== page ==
If you held an election, and one faction threatened the other with death for daring to vote at all, and this had the effect of suppressing the turnout of the threatened group to the point where, in at least one major province, only 8 percent of its voters got to the polls, would the election be valid?
Late this afternoon, the Senate passed a stimulus bill that adds tax rebates for 20 million elderly people excluded from the House version, as well as 250,000 handicapped veterans. Senate Democrats failed by one vote to get a stronger bill, with extended unemployment benefits, more money for food stamps, and emergency energy assistance for the poor.
Basically, the Democrats played a potentially strong hand badly. They began with a package too small and too feeble, so when it came time to split the differences with the Republicans they were vulnerable to the usual salami tactics. See my full analysis here.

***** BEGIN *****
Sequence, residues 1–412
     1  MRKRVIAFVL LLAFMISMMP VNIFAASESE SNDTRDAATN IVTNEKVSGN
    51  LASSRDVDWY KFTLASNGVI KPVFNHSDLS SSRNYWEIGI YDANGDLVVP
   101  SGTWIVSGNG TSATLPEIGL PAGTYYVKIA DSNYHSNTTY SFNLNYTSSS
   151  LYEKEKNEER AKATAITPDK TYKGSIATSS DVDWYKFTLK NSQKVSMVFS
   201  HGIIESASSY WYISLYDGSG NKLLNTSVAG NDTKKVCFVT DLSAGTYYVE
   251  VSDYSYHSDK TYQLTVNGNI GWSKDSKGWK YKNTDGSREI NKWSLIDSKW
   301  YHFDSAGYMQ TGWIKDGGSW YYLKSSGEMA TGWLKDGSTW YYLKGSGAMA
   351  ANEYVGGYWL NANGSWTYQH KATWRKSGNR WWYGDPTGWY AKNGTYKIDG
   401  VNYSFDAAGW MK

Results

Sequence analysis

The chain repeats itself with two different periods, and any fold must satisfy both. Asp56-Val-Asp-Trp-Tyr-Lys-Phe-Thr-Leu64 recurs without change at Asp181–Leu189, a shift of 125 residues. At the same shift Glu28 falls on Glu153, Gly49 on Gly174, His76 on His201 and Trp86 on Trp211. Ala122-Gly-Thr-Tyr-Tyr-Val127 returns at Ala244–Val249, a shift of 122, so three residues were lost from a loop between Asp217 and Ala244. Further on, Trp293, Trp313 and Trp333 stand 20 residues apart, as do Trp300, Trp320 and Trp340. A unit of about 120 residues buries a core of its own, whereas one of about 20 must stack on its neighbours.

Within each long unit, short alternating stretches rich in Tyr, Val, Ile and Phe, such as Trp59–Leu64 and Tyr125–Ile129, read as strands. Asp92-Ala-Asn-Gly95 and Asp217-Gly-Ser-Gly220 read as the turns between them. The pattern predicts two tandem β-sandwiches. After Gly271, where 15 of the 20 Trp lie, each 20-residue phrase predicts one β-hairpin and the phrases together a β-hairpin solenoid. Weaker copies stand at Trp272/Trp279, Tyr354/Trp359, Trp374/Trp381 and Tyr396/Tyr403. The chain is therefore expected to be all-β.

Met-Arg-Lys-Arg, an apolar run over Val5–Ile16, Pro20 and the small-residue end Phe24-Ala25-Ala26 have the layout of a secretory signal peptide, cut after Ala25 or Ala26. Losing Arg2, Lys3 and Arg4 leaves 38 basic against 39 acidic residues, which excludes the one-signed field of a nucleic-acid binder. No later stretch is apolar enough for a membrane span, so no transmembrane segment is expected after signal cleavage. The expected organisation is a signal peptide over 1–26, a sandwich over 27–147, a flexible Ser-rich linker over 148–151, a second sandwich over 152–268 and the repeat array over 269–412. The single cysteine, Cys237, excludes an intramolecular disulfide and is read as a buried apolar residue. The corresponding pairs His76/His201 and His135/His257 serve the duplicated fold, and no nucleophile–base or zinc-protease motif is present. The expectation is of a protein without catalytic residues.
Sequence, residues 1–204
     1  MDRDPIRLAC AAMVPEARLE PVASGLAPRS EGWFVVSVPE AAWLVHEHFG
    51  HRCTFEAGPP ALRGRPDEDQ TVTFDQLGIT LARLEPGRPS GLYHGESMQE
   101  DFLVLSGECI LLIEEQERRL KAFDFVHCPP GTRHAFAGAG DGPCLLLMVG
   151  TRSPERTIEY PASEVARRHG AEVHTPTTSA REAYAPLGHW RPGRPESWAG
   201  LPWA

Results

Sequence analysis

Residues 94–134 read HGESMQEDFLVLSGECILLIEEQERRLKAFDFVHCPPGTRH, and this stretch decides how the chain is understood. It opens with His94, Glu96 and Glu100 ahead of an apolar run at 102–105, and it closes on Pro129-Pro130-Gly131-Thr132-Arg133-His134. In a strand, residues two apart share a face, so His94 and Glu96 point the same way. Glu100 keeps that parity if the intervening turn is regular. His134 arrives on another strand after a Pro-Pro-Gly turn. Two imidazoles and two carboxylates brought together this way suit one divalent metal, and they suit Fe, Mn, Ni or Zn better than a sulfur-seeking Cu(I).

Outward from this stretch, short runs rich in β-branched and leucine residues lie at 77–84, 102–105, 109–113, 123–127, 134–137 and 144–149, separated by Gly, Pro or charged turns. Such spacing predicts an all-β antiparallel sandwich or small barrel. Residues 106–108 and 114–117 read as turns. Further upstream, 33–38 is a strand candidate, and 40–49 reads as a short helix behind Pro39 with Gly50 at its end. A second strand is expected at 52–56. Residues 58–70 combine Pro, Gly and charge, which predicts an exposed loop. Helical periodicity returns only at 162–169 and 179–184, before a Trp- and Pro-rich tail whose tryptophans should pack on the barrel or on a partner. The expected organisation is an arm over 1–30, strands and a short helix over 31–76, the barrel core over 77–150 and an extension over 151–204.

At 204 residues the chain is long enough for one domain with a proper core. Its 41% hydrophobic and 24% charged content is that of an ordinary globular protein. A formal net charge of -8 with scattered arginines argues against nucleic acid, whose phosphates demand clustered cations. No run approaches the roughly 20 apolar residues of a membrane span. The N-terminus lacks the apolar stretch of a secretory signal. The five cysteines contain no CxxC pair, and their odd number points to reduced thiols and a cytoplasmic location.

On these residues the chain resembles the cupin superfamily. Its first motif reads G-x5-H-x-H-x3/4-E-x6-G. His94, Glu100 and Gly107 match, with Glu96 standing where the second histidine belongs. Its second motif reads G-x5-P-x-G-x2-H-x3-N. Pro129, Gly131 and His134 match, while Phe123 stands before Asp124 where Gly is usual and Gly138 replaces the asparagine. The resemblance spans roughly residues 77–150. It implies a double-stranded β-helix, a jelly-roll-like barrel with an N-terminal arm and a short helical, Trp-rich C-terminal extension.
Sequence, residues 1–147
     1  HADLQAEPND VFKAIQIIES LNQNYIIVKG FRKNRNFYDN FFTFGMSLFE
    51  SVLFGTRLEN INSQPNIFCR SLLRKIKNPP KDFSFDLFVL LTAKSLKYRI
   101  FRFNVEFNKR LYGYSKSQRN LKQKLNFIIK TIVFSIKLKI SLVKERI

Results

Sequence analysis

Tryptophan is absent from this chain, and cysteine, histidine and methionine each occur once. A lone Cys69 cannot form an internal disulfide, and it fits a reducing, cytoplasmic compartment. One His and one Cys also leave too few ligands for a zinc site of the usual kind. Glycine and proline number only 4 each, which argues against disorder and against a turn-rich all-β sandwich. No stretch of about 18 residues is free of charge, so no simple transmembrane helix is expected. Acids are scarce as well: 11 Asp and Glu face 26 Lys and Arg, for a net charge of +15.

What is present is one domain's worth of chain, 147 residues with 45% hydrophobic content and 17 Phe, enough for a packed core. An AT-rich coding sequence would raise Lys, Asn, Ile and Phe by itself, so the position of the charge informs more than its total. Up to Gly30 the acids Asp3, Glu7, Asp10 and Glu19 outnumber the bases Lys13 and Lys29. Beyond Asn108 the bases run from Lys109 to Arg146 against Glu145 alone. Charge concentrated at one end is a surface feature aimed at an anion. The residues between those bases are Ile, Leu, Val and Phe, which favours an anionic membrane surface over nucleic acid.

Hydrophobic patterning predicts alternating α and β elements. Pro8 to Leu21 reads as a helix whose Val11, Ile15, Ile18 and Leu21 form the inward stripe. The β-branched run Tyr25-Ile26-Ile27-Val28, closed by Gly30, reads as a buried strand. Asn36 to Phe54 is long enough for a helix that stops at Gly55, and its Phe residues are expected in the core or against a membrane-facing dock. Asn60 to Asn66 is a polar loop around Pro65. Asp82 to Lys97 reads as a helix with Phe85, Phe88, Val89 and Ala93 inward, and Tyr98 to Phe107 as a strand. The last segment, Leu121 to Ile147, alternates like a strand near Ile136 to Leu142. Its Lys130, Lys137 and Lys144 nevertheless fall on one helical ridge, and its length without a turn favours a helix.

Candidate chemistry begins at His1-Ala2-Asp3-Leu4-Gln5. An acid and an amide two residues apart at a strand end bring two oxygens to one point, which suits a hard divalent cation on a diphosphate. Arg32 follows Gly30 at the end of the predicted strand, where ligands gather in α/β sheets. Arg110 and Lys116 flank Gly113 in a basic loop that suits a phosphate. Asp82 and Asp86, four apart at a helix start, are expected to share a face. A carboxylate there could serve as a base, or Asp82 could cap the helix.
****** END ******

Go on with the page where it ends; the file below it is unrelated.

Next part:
Speaking in a high school gym in Virginia, Hillary Clinton asks an audience of students, folks who work nearby, and yes, a whole lot of women, if they're ready for change. (They are.) She follows up with a good seven or nine sentences about the kind of America that's possible.
"I offer a very different vision about what we can be in America," she concludes. "I think we can be whatever we set our minds to be."
If imitation is the best form of flattery, somewhere Barack Obama is blushing.